Plaque defects are a critical factor in prenatal development

Plaque defects are a critical factor in prenatal development

Scientists from the Babraham, Sanger and Francis Crick Institutes, as well as the Universities of Cambridge and Oxford in collaboration with Wolfgang Weninger and Stefan Geyer of the Department of Anatomy of the MedUni Vienna were able to establish a close connection between placental defects and physical malformations as well as early, prenatal infantile in lab mice.

The article published in the top journal "Nature" systematically analyzed the anatomical details of 350 embryos from more than 100 mouse lines with specifically induced genetic defects leading to prenatal fetal death. The majority of gene deletions, almost 70 percent, caused defects in the placenta, among other things.


The placenta consists of maternal and child tissue and is a prerequisite for pregnancy and prenatal development of the baby. It is a unique and highly specialized interface between mother and child, providing the latter with nutrients and oxygen. The placenta is also responsible for the removal of fetal degradation products and is hormonally active. Although the important role of the placenta in the success of pregnancy is well-known, there have been few well-established studies and insights into their exact role in pregnancy complications and embryonic malformations.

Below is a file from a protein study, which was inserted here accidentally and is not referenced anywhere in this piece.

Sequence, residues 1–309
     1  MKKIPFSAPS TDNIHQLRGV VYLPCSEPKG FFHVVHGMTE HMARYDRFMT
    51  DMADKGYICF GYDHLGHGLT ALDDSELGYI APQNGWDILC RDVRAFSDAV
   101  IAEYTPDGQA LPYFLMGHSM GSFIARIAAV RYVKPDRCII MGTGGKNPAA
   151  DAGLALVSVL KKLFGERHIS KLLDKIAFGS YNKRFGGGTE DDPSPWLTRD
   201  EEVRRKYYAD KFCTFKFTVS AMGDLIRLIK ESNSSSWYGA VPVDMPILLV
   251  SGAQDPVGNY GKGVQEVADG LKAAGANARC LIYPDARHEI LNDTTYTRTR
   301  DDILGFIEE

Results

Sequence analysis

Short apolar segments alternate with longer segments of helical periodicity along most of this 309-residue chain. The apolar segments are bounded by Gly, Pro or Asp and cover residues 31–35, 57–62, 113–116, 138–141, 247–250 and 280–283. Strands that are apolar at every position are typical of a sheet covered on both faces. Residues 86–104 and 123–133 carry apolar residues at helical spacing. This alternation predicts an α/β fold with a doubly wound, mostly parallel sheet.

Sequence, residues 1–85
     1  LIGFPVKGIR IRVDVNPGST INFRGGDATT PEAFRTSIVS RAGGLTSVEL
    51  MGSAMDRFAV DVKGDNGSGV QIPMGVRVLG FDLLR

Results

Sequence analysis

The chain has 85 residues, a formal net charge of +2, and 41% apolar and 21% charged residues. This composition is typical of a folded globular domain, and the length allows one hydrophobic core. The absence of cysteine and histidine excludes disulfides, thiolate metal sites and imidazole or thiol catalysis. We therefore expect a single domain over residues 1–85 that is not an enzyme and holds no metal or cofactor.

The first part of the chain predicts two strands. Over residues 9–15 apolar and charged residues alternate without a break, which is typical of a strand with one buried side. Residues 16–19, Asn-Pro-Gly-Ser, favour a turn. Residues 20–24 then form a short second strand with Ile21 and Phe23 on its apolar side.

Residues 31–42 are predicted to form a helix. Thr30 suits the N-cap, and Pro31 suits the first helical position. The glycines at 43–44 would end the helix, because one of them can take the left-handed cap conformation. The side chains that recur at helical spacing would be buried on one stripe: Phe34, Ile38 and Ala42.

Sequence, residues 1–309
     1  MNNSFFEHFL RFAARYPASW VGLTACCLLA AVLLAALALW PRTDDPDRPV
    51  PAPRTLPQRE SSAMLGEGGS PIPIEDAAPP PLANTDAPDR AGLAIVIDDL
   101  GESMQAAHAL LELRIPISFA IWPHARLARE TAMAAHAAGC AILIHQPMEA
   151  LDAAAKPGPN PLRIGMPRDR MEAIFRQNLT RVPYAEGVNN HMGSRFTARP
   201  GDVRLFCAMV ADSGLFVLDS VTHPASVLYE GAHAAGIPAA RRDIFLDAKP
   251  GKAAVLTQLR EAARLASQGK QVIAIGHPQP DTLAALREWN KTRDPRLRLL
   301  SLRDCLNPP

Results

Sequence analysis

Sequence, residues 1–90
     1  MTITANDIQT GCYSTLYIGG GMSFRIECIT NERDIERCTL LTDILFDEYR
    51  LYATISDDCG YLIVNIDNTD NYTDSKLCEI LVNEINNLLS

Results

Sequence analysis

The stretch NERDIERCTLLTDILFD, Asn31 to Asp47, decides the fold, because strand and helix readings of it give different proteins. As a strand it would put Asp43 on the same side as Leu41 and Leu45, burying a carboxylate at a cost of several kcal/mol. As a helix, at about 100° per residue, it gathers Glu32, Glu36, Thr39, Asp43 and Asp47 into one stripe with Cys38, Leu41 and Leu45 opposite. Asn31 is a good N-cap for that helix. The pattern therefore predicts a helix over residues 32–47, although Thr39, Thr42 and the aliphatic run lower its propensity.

Wolfgang Weninger of the Department of Anatomy:

The results of our study show that at early abortions due to gene abnormalities functional defects of the placenta may play a greater role than malformations of the embryo.However, the more important finding for us is that the majority of fetuses with characteristic malformations of the cardiovascular system and the brain also have plaque defects that could be the actual cause of intrauterine fetal death.
Of course, these results can not be applied to humans on a one-to-one basis, but underline thatthe state of the placenta must be given high priority in pregnancy studies . "

Nature volume 555, pages 463–468 (22 March 2018)